by Janis Mackay
I have read this book and I couldn't put it down! I loved the characters and can't wait for the sequel! It transported me to the islands of the Pentland Firth, which I have since visited, and I experienced first hand nostalgia of the hardship of generations from the past. Follow the dove is well worth reading - I would recommend it to anyone.
by neve bremner
A NEW BOOK BY LOCAL WRITER (Caithness)
"Follow the Dove" by Catherine M. Byrne - published December 2011.
I started to read "Follow the Dove" and found myself immersed at once in this compelling story so vividly written by newcomer Catherine M. Byrne from Wick.
After the first few pages I knew I had to keep going, I was desperate to know the characters better, to understand them and to get involved in the way they lived their working and private lives in very remote and sparsely populated areas.
"Follow the Dove" is a strong story and very relative to the period and the setting. The characters involved become very real. You feel their pain, frustation and anger at what life throws at them.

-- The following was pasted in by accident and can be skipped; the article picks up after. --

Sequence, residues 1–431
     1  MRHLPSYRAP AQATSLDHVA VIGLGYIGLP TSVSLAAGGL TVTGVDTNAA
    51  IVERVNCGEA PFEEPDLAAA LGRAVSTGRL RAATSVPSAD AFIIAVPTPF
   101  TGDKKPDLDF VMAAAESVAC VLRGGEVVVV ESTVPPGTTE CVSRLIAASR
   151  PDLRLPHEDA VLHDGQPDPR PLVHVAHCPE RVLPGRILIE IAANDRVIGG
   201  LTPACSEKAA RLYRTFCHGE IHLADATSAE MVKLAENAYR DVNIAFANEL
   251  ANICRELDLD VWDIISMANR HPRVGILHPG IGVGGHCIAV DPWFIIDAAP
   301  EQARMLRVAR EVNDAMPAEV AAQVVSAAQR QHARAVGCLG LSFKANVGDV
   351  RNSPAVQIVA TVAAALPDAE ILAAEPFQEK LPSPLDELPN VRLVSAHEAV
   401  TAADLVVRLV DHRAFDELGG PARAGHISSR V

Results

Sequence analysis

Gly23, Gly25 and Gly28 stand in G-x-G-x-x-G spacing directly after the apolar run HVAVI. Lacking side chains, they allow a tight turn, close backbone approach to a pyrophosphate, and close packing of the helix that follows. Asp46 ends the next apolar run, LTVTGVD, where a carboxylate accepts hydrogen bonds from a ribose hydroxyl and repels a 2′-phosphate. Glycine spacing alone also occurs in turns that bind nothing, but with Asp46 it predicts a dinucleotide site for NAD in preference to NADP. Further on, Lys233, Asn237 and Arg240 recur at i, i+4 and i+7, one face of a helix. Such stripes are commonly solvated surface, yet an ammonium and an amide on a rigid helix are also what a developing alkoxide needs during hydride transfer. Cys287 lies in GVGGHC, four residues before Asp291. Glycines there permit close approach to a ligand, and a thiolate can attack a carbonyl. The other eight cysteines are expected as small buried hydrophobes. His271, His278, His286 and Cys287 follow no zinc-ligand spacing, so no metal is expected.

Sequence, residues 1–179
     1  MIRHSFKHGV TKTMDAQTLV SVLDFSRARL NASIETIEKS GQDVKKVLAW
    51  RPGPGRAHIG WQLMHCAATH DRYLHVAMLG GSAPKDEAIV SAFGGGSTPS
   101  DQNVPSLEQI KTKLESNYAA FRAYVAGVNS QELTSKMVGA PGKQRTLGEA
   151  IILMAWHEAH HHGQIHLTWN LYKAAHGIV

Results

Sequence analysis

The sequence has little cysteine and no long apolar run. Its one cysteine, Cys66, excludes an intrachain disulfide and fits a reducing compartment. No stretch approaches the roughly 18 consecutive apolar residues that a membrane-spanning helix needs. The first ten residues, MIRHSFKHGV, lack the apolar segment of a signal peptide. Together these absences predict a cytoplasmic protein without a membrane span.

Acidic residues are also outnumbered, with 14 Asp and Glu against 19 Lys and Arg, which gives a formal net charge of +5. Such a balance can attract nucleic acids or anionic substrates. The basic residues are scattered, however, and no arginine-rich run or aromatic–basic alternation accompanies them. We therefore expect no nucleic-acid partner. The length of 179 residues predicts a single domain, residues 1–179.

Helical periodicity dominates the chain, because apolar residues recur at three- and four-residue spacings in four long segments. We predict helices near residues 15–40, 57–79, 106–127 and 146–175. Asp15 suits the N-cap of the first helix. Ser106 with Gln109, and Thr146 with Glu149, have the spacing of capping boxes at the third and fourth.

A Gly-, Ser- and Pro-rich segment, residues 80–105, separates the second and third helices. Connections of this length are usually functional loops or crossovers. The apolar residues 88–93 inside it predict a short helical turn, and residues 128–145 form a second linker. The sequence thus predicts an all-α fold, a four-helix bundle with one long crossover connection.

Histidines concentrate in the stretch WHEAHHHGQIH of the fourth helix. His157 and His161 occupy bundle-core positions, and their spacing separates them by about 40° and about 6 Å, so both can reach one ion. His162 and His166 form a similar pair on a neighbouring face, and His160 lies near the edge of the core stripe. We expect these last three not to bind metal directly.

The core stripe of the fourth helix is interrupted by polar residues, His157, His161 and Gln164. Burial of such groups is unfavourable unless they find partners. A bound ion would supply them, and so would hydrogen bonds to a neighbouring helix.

Many older readers, especially those from the North of Scotland and the Northern Isles, will be able to relate to this harsh way of life which existed before and for some time after the turn of the 20th century.
Catherine Byrne leads you into the islanders way of thinking, working and socialising until you believe they really existed.
Thank you Catherine for filling a space on my bookshelf with a wonderful, wonderful read; you most certainly have a winner on your hands!
Folks, do treat yourselves to this book and like me, you will be reluctant to put it down until it is finished!
by Ann M P McLeod
Catherine Byrne’s Follow the Dove depicts nineteenth century small Orkney island life through the lives of three brothers and particularly their womenfolk.
Catherine tames the optimism of their youth with the harsh reality of a claustrophobic closed island community where tuberculosis and the perils of the sea in open boats, add to the innate poverty of their subsistence living.
She skilfully adds timeless human emotions; love, lust, hate, jealousy and a tyrannical mother-in-law on top of nature’s brew to drive her characters to the limit. You really do end up feeling the pain of the women as they struggle to make happy lives for themselves and their families against the forces of abject poverty, bereavement, drunkenness and domestic violence, all too recognisable today.